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KUALA LUMPUR: Moody’s Analytics is expecting the global real gross domestic product (GDP) to rebound 5.7 per cent in 2021, following the historic 3.6 per cent contraction in 2020.
It said the relatively strong outlook is based on the passage of the new fiscal stimulus in the United States (US), a firming revival in Europe, and material improvement in the global vaccination momentum.
"However, global recovery will continue to be uneven across regions and the dual-track recovery will persist until the new resurgences are brought under control and the global vaccine distribution is scaled up," Moody’s Analytics said in its 'Global Outlook: Resurgence Risks to Recovery' report released today.
It said the US is expected to lead the gains with a strong 6.4 per cent rebound in 2021, followed by Asia with a 6.1 per cent expansion, anchored by China’s stabilising growth and India’s turnaround in the post-restrictions phase.
Conversely, African economies are likely to see slower growth at 4.3 per cent, following the record three per cent decline in 2020.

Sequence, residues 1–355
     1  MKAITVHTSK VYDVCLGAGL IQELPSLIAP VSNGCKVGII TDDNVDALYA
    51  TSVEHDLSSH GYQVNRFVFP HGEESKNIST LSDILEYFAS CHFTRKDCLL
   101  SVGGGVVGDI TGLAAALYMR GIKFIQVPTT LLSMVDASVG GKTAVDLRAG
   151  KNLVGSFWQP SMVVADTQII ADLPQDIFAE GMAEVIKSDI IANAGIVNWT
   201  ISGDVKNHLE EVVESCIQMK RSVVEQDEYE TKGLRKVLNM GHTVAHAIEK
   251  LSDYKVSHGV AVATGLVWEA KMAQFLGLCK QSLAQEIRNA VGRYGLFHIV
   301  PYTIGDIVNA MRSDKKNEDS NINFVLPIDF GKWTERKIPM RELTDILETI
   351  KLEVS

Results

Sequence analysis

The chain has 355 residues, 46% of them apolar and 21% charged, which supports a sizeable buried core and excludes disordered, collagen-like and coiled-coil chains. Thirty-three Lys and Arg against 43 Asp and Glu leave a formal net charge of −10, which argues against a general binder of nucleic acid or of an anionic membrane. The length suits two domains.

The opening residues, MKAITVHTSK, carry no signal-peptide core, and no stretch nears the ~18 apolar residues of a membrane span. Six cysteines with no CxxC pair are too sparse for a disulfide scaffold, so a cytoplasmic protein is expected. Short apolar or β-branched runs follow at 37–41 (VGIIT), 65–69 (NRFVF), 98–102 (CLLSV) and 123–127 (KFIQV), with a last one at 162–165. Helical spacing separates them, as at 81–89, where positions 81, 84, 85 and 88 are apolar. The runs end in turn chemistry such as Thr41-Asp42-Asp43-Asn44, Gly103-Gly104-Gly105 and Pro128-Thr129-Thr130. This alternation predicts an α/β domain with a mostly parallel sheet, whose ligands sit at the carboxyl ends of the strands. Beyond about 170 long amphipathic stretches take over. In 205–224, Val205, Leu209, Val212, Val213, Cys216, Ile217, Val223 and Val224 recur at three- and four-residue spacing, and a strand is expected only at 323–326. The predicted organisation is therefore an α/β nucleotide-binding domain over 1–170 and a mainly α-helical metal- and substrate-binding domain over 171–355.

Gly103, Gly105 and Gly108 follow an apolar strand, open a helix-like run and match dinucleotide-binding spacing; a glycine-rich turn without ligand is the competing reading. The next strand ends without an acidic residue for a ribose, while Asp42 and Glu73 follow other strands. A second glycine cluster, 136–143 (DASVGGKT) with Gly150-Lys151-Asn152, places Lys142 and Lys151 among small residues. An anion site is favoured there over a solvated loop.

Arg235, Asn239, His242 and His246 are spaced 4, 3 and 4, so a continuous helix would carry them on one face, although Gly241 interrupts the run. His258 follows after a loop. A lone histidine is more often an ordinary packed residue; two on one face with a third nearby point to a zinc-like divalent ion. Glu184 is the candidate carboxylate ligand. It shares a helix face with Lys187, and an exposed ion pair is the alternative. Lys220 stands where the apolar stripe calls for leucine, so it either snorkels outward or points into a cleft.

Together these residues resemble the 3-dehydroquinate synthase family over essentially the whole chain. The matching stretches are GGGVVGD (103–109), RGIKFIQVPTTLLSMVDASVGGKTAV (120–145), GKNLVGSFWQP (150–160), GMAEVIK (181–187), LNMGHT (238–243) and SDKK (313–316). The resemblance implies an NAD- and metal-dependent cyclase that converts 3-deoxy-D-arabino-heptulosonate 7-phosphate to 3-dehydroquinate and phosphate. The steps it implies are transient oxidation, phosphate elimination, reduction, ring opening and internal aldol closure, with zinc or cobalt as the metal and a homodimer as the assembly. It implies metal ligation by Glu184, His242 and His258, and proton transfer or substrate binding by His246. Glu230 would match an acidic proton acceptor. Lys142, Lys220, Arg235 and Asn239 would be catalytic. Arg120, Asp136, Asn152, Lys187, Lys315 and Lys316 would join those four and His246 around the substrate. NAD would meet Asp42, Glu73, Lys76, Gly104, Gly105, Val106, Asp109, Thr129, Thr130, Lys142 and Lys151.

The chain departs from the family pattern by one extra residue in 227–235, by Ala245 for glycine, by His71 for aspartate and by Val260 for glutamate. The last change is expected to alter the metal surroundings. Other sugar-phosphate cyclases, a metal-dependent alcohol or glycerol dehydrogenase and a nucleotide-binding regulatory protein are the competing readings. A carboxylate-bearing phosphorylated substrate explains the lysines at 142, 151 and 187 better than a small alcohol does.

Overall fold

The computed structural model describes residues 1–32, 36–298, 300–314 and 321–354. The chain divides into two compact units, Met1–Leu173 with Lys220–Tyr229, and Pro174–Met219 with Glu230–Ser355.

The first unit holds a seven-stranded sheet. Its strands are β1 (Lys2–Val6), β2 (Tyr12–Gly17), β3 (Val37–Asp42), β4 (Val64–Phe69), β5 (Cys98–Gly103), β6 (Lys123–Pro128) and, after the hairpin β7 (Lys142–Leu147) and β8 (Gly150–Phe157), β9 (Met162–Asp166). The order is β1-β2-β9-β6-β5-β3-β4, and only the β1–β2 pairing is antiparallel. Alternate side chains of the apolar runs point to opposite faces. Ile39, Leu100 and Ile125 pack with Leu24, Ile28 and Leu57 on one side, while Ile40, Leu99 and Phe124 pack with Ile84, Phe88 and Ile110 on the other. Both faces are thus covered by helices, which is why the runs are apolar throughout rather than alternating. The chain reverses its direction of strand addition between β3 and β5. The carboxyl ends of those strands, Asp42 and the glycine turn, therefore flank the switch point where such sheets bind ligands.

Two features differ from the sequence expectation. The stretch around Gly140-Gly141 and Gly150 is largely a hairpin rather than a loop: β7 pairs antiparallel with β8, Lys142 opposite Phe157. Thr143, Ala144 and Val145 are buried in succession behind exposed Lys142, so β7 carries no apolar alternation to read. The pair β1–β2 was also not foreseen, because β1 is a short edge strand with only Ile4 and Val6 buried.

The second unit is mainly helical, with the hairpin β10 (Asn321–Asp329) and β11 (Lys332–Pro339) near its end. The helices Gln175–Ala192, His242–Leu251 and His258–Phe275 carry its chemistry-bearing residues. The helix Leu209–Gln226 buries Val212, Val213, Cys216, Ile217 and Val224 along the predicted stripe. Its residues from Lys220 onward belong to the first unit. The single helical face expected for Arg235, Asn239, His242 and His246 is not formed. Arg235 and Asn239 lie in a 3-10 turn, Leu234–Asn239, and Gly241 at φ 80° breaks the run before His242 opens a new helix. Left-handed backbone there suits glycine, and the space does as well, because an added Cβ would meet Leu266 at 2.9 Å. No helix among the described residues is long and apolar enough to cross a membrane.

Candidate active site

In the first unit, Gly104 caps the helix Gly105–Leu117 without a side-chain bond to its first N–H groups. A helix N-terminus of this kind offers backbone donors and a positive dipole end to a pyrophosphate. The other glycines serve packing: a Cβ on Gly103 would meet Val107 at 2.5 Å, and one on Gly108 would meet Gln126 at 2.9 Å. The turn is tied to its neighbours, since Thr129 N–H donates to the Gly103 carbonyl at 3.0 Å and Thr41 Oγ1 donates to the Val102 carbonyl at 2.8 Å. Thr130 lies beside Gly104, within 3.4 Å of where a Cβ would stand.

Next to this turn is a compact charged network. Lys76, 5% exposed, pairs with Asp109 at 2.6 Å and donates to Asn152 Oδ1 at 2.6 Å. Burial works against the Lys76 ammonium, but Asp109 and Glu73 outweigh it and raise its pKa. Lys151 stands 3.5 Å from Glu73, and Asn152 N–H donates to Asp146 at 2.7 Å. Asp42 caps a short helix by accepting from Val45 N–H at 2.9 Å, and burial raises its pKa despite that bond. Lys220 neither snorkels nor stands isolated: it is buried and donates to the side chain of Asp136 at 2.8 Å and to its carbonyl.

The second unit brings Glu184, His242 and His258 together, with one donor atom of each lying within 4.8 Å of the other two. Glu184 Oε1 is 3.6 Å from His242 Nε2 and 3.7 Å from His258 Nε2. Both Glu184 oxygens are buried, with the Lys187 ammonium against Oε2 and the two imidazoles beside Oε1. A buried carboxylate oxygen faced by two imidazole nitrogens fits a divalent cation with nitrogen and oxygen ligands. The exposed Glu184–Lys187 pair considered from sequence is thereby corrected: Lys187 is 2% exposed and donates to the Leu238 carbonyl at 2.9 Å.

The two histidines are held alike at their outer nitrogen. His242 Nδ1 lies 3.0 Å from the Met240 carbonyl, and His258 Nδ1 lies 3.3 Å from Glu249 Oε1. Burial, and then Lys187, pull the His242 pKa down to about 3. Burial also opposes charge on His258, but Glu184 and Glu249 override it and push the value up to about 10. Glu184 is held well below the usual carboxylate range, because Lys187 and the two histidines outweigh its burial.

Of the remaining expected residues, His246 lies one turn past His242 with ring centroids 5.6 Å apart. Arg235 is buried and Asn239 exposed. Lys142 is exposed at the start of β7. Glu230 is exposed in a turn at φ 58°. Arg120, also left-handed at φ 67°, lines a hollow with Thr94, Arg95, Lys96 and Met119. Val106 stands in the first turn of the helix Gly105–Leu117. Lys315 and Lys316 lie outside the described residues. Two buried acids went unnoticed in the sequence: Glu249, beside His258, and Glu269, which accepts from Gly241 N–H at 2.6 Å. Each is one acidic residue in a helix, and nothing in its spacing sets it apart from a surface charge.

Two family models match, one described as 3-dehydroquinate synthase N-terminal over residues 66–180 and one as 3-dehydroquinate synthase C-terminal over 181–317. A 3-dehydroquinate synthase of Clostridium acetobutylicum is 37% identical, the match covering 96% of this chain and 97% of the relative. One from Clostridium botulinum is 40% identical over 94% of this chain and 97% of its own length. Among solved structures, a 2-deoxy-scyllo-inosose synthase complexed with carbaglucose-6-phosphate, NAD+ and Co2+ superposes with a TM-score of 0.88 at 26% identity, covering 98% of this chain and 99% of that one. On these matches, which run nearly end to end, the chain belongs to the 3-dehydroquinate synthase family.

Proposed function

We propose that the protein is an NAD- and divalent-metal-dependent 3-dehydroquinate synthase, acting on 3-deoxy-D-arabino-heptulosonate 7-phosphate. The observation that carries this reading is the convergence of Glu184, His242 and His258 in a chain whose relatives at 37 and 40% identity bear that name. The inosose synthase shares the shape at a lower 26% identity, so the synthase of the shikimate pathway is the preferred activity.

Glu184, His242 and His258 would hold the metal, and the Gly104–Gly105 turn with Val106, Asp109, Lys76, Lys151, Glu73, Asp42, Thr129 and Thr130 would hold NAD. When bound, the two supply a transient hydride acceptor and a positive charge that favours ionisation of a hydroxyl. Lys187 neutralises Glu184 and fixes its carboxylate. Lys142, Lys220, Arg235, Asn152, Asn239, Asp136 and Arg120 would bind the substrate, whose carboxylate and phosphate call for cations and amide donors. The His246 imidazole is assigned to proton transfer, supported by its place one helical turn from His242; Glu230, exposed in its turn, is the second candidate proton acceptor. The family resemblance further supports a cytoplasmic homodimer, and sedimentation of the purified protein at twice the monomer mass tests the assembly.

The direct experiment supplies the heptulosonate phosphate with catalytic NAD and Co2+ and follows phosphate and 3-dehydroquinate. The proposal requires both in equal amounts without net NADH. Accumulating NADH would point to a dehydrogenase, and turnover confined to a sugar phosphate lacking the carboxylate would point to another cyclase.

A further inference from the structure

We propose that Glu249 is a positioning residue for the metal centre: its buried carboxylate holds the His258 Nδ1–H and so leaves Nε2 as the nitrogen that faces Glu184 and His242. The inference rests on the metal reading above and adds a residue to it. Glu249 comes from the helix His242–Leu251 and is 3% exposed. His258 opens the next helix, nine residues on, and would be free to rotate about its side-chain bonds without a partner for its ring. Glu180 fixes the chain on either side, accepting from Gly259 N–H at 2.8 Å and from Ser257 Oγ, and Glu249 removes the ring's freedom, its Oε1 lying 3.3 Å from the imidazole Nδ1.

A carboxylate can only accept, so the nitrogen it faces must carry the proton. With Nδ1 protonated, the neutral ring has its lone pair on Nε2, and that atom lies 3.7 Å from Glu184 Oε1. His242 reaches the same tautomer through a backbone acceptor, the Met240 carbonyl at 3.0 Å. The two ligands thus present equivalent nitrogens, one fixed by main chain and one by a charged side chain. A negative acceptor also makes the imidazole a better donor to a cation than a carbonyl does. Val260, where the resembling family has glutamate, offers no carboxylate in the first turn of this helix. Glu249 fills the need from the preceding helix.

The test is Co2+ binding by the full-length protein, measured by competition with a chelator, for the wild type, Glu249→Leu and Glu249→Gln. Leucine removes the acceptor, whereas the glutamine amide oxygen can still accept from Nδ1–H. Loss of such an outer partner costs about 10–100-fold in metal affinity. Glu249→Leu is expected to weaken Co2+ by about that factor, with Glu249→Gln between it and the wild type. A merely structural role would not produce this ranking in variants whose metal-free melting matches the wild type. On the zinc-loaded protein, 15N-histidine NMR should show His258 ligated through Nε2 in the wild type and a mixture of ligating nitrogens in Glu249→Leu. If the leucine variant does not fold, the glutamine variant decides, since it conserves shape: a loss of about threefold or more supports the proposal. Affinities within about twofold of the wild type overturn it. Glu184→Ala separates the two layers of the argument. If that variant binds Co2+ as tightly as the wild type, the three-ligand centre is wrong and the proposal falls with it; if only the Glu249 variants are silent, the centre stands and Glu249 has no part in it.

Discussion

The research firm also noted that the ongoing lockdowns worldwide underscore the fragility of recovery and the varied challenges in getting economies on a sustained recovery path.
"In severely impacted countries, such as Malaysia and the Philippines, restrictions have lacked effectiveness in containing outbreaks, thereby mandating an extension of inhibiting curbs.
"While others such as Indonesia have adopted a less conservative approach, there is a real risk that the economic costs of relaxing restrictions too soon may significantly outweigh the short-term gains from reopenings,” it said.
Moody’s Analytics also opined that geopolitical risks would assume an important role in the post-COVID-19 recovery phase.
"Not only will the prolonged US-China tensions shape investor preferences, but also evolving geopolitical dynamics among the large economies in the Asia-Pacific region could have significant ramifications on global trade and investment.
"This is against the tense backdrop of technology and security-driven disputes and the larger rhetoric of diversifying supply-chain dependencies away from China,” it said. - Bernama